The archabbey of St. Peter, in German Erzabtei Sankt Peter is a large monastery that stands in the center of Salzburg, Austria. Located between Domplatz and the Mönchsberg rock face, it develops around three courtyards. Of ancient origins, the medieval complex was later baroque. In the German-speaking area it is the oldest monastery to boast a continuous history since its foundation.
Erzabtei Sankt Peter History
A place of Christian worship already stood on this site in ancient times. In fact, the first was built by San Severino around 453, when he arrived in Norico to evangelize it. The Abbey, dedicated to San Pietro, was founded in 696 by San Ruperto, the first city bishop, with the aim of transmitting missionary work in the Eastern Alps. The monastic foundation was according to the mixed rule of San Colombano and San Benedetto, until the general Benedictine reform of Benedetto d'Aniane. The monastery was closely linked to the diocese, so much so that until 987 the bishop of Salzburg was also its abbot; and until 1110 he resided in the abbey.
In the Middle Ages, the Abbey of San Pietro was very renowned for its excellent writing school. In 1074 Bishop Gebhard sent 12 monks from San Pietro in Styria to found Admont Abbey there. In the fifteenth century the abbey embraced the Melk Reformation, capable of bringing monastic life back to the rigor dictated by the Rule of San Benedetto. A certain alignment of monastic life with common times of prayer and the struggle against the secularization of monks and abbots. In 1623 Archbishop Paride Lodron founded the Benediktiner-Universität, the Benedictine University in Salzburg, which until its dissolution in 1810 was closely connected to the abbey.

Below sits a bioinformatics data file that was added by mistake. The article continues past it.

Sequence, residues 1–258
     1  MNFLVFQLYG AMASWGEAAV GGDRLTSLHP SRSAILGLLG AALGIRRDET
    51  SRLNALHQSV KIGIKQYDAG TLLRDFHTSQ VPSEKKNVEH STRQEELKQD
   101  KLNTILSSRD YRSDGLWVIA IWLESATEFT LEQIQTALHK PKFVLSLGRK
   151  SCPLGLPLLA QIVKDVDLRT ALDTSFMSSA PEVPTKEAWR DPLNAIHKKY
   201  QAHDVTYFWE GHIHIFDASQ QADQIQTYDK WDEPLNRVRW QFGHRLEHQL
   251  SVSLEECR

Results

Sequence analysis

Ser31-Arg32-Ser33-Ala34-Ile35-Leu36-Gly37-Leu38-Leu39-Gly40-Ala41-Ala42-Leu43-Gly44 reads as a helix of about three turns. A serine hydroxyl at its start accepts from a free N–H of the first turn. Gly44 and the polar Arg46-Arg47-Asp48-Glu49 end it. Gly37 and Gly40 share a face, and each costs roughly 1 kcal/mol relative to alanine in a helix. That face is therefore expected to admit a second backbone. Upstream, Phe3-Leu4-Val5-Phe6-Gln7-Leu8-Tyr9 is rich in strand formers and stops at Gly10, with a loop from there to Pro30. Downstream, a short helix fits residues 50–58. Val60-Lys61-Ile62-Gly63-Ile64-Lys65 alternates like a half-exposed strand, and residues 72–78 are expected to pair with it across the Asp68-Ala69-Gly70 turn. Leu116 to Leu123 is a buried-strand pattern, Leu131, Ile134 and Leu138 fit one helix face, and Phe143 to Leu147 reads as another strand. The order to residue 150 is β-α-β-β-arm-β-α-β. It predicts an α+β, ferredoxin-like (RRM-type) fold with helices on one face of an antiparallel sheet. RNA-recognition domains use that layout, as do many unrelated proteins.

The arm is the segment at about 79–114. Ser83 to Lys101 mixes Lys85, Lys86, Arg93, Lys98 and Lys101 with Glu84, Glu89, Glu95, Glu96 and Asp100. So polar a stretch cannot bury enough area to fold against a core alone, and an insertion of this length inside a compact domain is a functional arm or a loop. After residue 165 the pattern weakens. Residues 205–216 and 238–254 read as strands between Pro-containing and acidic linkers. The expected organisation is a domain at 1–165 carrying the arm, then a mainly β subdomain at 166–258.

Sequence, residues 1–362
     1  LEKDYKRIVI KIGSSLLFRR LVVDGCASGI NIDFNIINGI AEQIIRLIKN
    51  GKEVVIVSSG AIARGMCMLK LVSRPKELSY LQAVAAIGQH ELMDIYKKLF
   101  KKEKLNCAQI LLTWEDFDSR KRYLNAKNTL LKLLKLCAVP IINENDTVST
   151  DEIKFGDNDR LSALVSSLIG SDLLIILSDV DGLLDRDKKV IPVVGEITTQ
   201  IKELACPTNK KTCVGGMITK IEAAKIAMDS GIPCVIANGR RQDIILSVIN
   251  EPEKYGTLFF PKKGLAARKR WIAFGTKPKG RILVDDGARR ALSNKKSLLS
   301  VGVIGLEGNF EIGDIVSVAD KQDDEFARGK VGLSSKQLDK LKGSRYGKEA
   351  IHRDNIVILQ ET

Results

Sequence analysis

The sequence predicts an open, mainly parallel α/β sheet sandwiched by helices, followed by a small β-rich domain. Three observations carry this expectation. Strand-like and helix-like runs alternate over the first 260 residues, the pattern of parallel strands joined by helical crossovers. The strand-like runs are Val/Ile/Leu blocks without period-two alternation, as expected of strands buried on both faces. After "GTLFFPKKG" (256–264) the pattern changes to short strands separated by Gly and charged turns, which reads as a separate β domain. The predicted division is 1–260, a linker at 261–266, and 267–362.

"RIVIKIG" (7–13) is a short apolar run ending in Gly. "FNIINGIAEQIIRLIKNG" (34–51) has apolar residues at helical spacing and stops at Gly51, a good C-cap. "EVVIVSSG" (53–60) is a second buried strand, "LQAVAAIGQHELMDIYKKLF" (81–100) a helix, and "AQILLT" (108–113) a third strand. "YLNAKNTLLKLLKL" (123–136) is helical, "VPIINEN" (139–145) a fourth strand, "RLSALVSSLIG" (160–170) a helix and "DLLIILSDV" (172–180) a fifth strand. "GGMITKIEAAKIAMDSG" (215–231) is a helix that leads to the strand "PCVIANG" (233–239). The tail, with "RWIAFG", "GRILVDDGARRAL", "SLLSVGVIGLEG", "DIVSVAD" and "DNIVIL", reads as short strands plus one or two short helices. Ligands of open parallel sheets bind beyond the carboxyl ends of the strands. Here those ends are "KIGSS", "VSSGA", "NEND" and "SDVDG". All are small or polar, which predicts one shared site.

In 1641 the abbey was the head of the new Congregation of Salzburg, merged in 1930 into the present Congregation of Austria (of which it is the main house) of the Benedictine Confederation.
In 1926 efforts to recreate a Catholic university led to the foundation of the Studienkollegs der Benediktiner, "Benedictine college", the basis for the re-foundation of the University of Salzburg.
In 1927, San Pietro was elevated to the rank of Arciabbazia. In 1938, with the Anschluss of Austria to Nazi Germany, the abbey premises were seized and the monks expelled. However, the monastery was never dissolved and the monks returned there after the war.
The current abbey church, with a basilica plan and transept, was erected between 1130 and 1143 on the site of the previous Carolingian church; and dedicated to San Pietro in 1147.
The main organ was built in 1444 by the organ builder Heinrich Traxdorf from Mainz. In 1605-06 the church began to be transformed into a Renaissance style, in 1619-20 it was laid hand to hand in sails and in 1622 the dome was built.
Under the abbot Beda Seeauer the building is baroque. In 1756 the bell tower was erected with the characteristic bulb crown covered with copper plates; at the same time, inside, Franz Xaver König creates the frescoes of the central nave with Scenes from the Life of Saint Peter on the vault; of the Life of San Benedetto on the left wall; and Vita di San Ruperto on the right. Of the vaults and walls of the transept, and finally of the drum and the pendentives of the dome with Scenes from the Old Testament and the Fathers of the Church, completed in 1760.
Between 1760 and 1766, Benedikt Zöpf decorated the vault of the central nave with delicate rococo pastel colored stuccos and in 1768 Ph. Hinterseer created the beautiful wrought iron gilded gate of the entrance. Between 1775 and 1782 Martin Johann Schmidt painted the church altarpieces: the Adoration of the Virgin by Saints Peter and Paul, in the high altar, and those of the altars and frontispieces of the side chapels, added in the eighteenth century. At the end of the nave is the beautiful Baroque organ exhibition from 1618-20, later modified in 1762-63.